- The Washington Times - Saturday, August 25, 2001

Bush sells out on racial preferences… again

In his Aug. 21 Commentary column, "Affirmative apostasy?" columnist Bruce Fein gives President Bush too much credit for past opposition to racial preferences. In 1996, mere days before the 5th Circuit Court of Appeals pronounced the racial-preference programs at the University of Texas unconstitutional, then-Gov. Bush expressed his approval of that discriminatory program.

Mr. Bush has never publicly embraced the result in the Hopwood case, which nominally ended racial preferences in higher education in Texas. He did, however, sign legislation designed by black lawmakers to re-create racial preferences by another name, legislation that has led to exploding enrollments at Texas' top schools and even lower admissions standards than under the old racial-preferences regime.

Mr. Bush did not, as Mr. Fein contends, abandon "preferences in college and university admissions as governor of Texas in favor of a color-blind standard of applicant excellence." Mr. Bush continued the affirmative-action policies of his Democratic predecessor in state hiring, promotion and contracting. Mr. Bush appointed university regents who pushed for the reinstatement of racially discriminatory admissions preferences, and Mr. Bush's close ally, Texas Attorney General John Cornyn, defended those policies with far more vigor than his Democratic predecessor, Dan Morales.

That Mr. Bush's "Adarand Constructors somersault was executed with the furtiveness of a thief in the night" should surprise no one. Mr. Bush has never publicly defended his racial-preference policies, preferring to let his actions speak quietly for themselves. As a result, he got a pass from the local Texas race hustlers and the liberal Austin media on race issues although he got no such amnesty from the National Association for the Advancement of Colored People.

Sadly, while Mr. Bush occasionally has made ambiguous noises about racial preferences, he has assembled a record favoring racial discrimination of which Jesse Jackson could be proud. In his Aug. 10 decision to support racial preferences, Mr. Bush certainly sold out conservatives on racial preferences but not for the first time.


Boyds, Md.

David Rogers was a co-plaintiff in the Hopwood case.

Cuba, former President 'Jell-O' and Bush

With respect to the Aug. 23 Op-ed column, "Cuba sanctions work," by Manuel Miranda, I respectfully request an opportunity to respond.

I charged former President Bill Clinton with having "a character of Jell-O, backbone of Jell-O" because he had just waived Title III of the Helms-Burton Act, which allows U.S. citizens to sue in U.S. court foreign investors who acquire stolen U.S. property in Cuba and also for many other reasons.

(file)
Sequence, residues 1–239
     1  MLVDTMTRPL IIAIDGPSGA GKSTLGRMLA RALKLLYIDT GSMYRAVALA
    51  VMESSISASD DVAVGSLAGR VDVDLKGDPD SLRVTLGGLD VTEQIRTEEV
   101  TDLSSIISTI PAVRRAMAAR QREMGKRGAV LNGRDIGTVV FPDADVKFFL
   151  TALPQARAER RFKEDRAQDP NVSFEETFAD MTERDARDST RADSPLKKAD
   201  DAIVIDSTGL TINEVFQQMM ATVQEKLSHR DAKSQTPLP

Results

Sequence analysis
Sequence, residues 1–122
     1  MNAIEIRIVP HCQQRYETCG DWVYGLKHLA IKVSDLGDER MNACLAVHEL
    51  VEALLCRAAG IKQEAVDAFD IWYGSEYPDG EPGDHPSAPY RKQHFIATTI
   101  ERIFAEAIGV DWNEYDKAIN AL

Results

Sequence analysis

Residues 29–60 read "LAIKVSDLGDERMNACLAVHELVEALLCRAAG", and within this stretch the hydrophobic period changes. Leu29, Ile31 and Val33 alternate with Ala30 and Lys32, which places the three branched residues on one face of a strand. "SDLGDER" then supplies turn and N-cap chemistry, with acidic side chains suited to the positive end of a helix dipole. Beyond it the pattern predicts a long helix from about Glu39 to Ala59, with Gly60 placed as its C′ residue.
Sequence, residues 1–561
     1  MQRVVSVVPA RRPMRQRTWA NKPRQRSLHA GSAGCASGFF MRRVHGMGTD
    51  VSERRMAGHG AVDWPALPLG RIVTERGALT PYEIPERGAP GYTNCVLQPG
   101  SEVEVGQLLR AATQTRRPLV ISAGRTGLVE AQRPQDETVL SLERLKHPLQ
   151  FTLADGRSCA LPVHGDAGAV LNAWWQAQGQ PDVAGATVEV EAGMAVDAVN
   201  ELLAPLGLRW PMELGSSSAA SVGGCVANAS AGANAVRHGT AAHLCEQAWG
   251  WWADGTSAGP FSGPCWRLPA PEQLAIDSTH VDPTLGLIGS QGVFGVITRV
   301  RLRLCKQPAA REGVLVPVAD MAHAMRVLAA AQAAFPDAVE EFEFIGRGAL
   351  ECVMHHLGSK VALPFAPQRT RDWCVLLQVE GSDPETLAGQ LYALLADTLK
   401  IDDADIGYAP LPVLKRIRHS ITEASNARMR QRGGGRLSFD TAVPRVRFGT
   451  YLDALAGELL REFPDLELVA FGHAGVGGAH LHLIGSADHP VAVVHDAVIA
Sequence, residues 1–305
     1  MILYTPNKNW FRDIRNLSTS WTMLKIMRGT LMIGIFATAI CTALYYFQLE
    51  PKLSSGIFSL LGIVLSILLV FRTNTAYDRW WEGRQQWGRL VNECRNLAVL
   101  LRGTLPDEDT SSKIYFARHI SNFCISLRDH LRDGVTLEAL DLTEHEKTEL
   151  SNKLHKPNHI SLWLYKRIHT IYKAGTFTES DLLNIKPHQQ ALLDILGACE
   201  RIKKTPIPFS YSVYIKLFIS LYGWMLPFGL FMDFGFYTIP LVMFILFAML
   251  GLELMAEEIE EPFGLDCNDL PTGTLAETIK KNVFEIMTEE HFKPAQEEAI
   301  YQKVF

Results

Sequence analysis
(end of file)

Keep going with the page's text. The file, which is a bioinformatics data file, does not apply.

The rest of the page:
By that time, it had become clear that Mr. Clinton would not vigorously enforce any aspect of the embargo against Cuba's Fidel Castro and that he was orchestrating the creation of a coalition of traditional Castro allies and business interests to lobby Congress to lift the embargo. Mr. Clinton made it clear that he would avoid confrontation with Mr. Castro at any and all cost, work with Cuban dictatorship to seize and return freedom-seeking refugees to Cuba, and turn his back on the brave Cuban internal opposition.

President Bush is very different. He has firmly and repeatedly committed to oppose all efforts to weaken the embargo against the Cuban dictatorship and has already used his leverage in that fight. He has also committed to vigorously enforce existing sanctions, find ways to strengthen and assist the Cuban internal opposition, and to find ways to break Mr. Castro's jamming of U.S. Information Agency news broadcasts to the Cuban people.

I was the author of many sections of the Helms-Burton Act, and I continue to support all aspects of that law, including titles III and IV. I asked Mr. Bush not to waive Title III and disagreed with his decision in that instance. But this president supports freedom for Cuba and not the continued oppression of the island by a demonic, aging tyrant.



Give proper recognition to media for NAACP ad campaign

I applaud the National Association for the Advancement of Colored People for encouraging parents to involve themselves in their children's education ("NAACP, ally urge parents' involvement in education," Nation, Aug. 22). Parents can turn off the TV and provide a quiet place to study. More important, parents can read with their children as preschoolers and through the primary grades.

If the NAACP's campaign is successful in increasing parental involvement in education, academic performance is certain to improve. Parental involvement is perhaps the most effective community-based, grass-roots, pro-literacy initiative yet and it doesn't require a single federal dollar.



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